Wat Arun

Wat Arun…The Temple of Dawn.
See where the Emerald Buddha was enshrined before moving it across the river to the Palace.
Climb the steps and touch some history!
If you have 10 Baht coin on your hand, you can see how Wat Arun looks like…but that’s not enought to know about Wat Arun…The Temple of Dawn

Wat Arun is across the river from The Grand Palace. There, you will find a pier named “Ta Tien (ท่าเตียน)” just opposite Wat Po.

There is a ferry service there that makes regular runs across the river about every 5 to ten minutes but sometimes they hold to gather people, the fare is just 3 baht (~$0.09) per person.

If you come to visit Wat Arun by the boat taxi from Center Pier (Ref: Khao San Road by Boat),  For Wat Arun, it’s N8 stop.  But you still have to take the ferry service to across the river…

Wat Arun is a very old temple erected in the Ayutthaya Period. The original name is “Wat Makok” as it is located in the Mokok District.

King Taksin (the king before King Rama I) and his army originally planed to build the new capital “Thonburi” on this side of the river after abandoning Ayutthaya as the capital.

King Taksin renamed this temple Wat Jaeng… Jaeng is a Thai word for “bright” which is the origin of the current name “The Temple of Dawn”.

In 1778 King Rama I brought the Emerald Buddha to his new capital and kept it at Wat Arun for 6 years before it was moved to the current location in Wat Phra Keaw (The Grand Palace).

Construction on ”Phra Prang”, Wat Arun’s tall tower and four smaller ones was started by King Rama II 1809-1824 and completed by King Rama III (1824-1851).

Very steep and narrow steps lead to a balcony on the central tower. The circumference of the base of the structure is 234 meters, and the central prang is 250 foot high. These stairs are not for the light hearted as they are extremely steep… Handrails are a modern addition, but I don’t recommend this for anyone who is afraid of heights.

The central balcony commands an impressive view of Bangkok across the river. From here one can see the Grand palace, the Temple of the Emerald Buddha and the spaciousness of Wat Po. This is a great picture spot for those that brave the climb.

The towers of Wat Arun are built of brick covered with stucco. The decorations are unique; thousands of pieces of multicolored Chinese porcelain.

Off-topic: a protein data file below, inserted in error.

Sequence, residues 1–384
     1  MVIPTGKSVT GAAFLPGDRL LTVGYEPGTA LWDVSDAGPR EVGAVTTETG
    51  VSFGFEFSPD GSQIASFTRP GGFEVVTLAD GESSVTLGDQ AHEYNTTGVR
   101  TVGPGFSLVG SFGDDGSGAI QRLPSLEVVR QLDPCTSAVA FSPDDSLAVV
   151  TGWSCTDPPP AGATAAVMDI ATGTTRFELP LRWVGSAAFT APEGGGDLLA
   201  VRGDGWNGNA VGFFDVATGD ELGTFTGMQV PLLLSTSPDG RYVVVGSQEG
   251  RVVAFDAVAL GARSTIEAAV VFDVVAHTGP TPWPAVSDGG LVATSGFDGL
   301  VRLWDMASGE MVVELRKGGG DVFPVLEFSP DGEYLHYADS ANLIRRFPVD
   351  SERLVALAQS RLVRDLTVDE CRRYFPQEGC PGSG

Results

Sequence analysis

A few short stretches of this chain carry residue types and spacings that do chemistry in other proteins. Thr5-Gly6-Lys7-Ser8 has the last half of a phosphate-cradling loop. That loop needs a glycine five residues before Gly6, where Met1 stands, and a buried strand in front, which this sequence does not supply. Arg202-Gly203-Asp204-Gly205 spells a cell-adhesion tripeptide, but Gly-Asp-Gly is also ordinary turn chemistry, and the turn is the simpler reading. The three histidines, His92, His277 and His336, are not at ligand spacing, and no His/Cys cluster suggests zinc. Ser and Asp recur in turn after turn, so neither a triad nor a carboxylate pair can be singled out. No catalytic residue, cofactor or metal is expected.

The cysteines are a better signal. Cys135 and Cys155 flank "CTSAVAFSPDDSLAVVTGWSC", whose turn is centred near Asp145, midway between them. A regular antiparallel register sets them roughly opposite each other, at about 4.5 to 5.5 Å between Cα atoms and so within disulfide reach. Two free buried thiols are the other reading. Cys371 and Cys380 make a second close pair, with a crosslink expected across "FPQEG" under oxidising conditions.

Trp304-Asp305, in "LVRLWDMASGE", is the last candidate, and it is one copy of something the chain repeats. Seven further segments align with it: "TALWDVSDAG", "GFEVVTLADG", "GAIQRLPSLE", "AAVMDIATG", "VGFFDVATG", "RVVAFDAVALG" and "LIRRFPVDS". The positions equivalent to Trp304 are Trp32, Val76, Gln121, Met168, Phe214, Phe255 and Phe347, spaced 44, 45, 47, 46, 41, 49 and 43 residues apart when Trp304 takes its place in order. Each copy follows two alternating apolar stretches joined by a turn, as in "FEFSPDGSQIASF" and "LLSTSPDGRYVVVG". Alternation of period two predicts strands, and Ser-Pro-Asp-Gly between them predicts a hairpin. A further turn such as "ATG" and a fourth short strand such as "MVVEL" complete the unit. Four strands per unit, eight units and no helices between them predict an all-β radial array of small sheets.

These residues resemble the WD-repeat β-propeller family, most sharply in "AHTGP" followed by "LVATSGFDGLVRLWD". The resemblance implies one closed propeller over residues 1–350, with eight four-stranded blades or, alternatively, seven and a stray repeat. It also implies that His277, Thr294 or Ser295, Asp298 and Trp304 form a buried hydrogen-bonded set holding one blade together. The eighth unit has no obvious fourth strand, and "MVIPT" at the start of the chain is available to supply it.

Walking down the steps, don’t forget the handrails!…

Once upon a time, we have story of demons in Wat Arun and Wat Po. The 2 demons “Wat Arun”, mortal enemies of “Wat Po” across the river.

Before they were best friends but the demons in Wat Po borrowed money from the demons in Wat Arun.

The Demon in Wat Po couldn’t return the money as promised. A big fight between them made the earth a mess. God Siva cursed them to be demon statues to protect Wat Arun and Wat Po until today!

In case you haven’t noticed, street shopping is everywhere in Bangkok, and there are numerouse souvenir shops on the side of Wat Arun.

Wat Arun figures in one of Thailand’s most colorful festivals, the Royal Tod Kathin. His Majesty the King travels down the river in a procession of Royal barges to present new robes to the monks after their three-month lent period.

*** Idea for day trip  – you can do all of these 3 “MUST SEE” in one day***
The Grand Palace
First stop in Bangkok? Welcome to the Grand Palace!!!
Why not? A real palace open for you to visit….
Wat Pho The most beautiful reclining Buddha is at Wat Po, next to the Palace – And it’s the home of the Thai traditional massage school. Be sure to stop for a massage!
***You are here***
Wat Arun… The Temple of Dawn – see where the Emerald Buddha was enshrined before moving it across the river to the Palace.
Climb the steps and touch some history!

About Jam

I'm Jam, the blogger, and illustrator of this website. I live in Bangkok, Thailand and Louisiana, USA when I'm not travelling.

3 thoughts on “Wat Arun

  1. Thank you for sharing such a good blog, this is really good, I believe that regardless of anyone who read the will, like me, will think this is a bar blog.

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